A first test specification for the sensor arrangement according to FIG. 5 provides for pairs of tests on the sensors, such that an unweighted output signal of either the sensor 17 sensing in the x-direction or the sensor 18 sensing in the y-direction is considered together with the weighted output signal of the so-called safing sensor 19. In particular the seismic mass 12 of the sensor element 11 of the first acceleration sensor 19 is displaced with weighted force in the opposite direction to its sensitivity axis w or a corresponding signal awg is generated electronically. The seismic mass 12 of the sensor element 11 of the second acceleration sensor 17 or 18 is also displaced with unweighted force in the direction of its sensitivity axis x or y or a corresponding signal ax or ay is generated electronically. A reverse process is also possible, i.e. the generation of a weighted output signal ax or ay in the x-direction or y-direction and an unweighted signal aw for the w-direction. In the first-mentioned instance the weighting means 16 should preferably modify the test signal t such that the electrical output signal awg is output weighted by the, mathematically expressed, weighting factor kw equal to ½*√2 (corresponding to around 0.707). If the sensors are arranged at different angles to each other, the weighting factor should be adjusted as a function of the angle position.
According to a second test specification, all the output signals of the sensors 17, 18, 19 arranged in the sensor field 5 are considered together at the same time. In particular the seismic mass 12 of the sensor element 11 of the first acceleration sensor 19 is displaced with weighted force in the opposite direction to its sensitivity axis w or a corresponding signal awg is generated electronically. The seismic masses 12 of the sensor elements 11 of the second acceleration sensor 17, 18 are also displaced with unweighted force in the direction of their sensitivity axis x and y or a corresponding signal ax and ay is generated electronically. In this instance the weighting means 16 should preferably modify the test signal t such that the electrical output signal awg is output weighted by the, mathematically expressed, factor kw equal to √2 (corresponding to around 1.41). Possible alternatives should be deemed to be included as well.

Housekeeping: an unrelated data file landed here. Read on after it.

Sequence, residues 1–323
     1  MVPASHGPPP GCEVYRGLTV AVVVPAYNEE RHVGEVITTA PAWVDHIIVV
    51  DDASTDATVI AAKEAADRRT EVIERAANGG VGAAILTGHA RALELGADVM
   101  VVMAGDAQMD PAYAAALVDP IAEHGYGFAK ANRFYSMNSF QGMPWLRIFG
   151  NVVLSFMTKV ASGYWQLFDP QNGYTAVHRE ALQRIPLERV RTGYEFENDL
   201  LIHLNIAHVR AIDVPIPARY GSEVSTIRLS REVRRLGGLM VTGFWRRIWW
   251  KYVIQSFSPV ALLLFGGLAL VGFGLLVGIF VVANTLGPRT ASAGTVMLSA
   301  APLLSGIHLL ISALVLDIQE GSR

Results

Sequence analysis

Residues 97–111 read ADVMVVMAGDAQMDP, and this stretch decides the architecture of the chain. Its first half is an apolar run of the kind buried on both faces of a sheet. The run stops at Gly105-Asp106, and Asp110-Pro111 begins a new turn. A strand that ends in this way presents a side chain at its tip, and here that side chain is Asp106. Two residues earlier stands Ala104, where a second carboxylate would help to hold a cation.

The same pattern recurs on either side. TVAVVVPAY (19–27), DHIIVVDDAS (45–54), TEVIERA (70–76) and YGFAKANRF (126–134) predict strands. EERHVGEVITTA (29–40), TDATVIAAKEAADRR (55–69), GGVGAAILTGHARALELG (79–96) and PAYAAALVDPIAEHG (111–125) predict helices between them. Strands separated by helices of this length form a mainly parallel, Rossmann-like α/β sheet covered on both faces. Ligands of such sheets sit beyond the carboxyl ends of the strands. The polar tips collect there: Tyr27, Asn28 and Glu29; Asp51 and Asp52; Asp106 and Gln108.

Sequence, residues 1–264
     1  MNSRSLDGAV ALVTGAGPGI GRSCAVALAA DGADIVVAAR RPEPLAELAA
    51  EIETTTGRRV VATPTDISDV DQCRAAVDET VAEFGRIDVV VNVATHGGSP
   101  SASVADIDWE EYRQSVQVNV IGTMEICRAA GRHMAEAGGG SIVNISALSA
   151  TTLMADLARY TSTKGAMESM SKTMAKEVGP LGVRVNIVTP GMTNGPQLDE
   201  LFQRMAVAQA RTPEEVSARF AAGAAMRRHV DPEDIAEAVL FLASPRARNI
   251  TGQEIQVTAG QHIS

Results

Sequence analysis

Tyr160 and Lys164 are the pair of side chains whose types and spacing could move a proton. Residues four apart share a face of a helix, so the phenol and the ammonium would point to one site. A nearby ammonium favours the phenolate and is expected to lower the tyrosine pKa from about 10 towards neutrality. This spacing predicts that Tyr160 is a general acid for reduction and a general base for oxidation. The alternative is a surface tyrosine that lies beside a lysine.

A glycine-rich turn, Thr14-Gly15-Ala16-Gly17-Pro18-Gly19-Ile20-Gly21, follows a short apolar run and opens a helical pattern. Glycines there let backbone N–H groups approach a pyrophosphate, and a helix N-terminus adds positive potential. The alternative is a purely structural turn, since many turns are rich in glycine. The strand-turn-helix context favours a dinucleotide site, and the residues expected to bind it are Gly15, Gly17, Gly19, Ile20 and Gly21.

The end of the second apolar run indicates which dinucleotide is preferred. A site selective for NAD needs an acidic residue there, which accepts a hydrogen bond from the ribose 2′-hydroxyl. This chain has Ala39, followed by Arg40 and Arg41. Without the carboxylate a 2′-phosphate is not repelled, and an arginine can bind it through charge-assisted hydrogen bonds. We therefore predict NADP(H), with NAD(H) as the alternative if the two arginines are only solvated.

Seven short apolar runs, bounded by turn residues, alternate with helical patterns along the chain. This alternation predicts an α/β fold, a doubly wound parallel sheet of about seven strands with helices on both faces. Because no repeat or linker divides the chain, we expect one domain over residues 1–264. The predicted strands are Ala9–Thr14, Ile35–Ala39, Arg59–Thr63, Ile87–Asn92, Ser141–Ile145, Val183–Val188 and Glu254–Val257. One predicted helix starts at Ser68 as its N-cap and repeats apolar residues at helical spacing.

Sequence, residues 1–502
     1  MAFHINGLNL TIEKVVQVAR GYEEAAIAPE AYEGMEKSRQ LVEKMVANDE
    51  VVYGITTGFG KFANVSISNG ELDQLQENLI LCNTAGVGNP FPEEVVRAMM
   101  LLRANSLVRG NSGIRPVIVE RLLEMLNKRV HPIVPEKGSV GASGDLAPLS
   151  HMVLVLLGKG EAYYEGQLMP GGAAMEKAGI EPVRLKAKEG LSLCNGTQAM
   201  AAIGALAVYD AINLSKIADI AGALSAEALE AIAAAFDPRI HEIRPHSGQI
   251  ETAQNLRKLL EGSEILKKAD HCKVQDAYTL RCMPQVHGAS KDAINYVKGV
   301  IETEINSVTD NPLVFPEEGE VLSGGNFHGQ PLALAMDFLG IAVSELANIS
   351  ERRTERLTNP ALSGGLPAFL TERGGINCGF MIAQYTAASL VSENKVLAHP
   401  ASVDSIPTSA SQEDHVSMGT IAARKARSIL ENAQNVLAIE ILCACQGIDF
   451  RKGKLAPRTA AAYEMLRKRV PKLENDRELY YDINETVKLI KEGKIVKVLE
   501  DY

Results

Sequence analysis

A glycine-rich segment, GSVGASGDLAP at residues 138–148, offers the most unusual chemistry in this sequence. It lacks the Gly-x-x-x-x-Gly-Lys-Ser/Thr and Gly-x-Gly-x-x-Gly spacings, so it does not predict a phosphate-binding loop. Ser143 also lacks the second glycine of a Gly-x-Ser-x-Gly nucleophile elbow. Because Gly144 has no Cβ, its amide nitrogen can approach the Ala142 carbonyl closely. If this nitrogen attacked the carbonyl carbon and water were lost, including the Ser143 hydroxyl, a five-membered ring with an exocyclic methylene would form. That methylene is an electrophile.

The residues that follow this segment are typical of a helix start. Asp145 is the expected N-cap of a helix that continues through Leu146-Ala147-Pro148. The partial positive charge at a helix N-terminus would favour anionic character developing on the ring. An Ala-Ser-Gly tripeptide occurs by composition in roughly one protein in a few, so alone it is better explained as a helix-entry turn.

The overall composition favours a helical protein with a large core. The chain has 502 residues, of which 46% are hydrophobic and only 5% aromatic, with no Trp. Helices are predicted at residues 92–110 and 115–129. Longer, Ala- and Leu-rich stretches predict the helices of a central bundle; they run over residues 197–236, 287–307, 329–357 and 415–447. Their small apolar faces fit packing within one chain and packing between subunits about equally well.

FIG. 6 shows an alternative preferred sensor arrangement according to the invention. In contrast to the arrangement according to FIG. 5, instead of individual sensors 17 and 18 sensing in the x-direction and y-direction, a so-called x-y sensor 20 is provided. The sensitivity axis v of the safing sensor 19 is again arranged at an angle to these axes, in the present instance an angle of 45° to the longitudinal axis of the vehicle A–A′ corresponding to the y-axis. The operational capacity of the control circuit 2 can also be tested in this arrangement according to the two text (sic) specifications described above.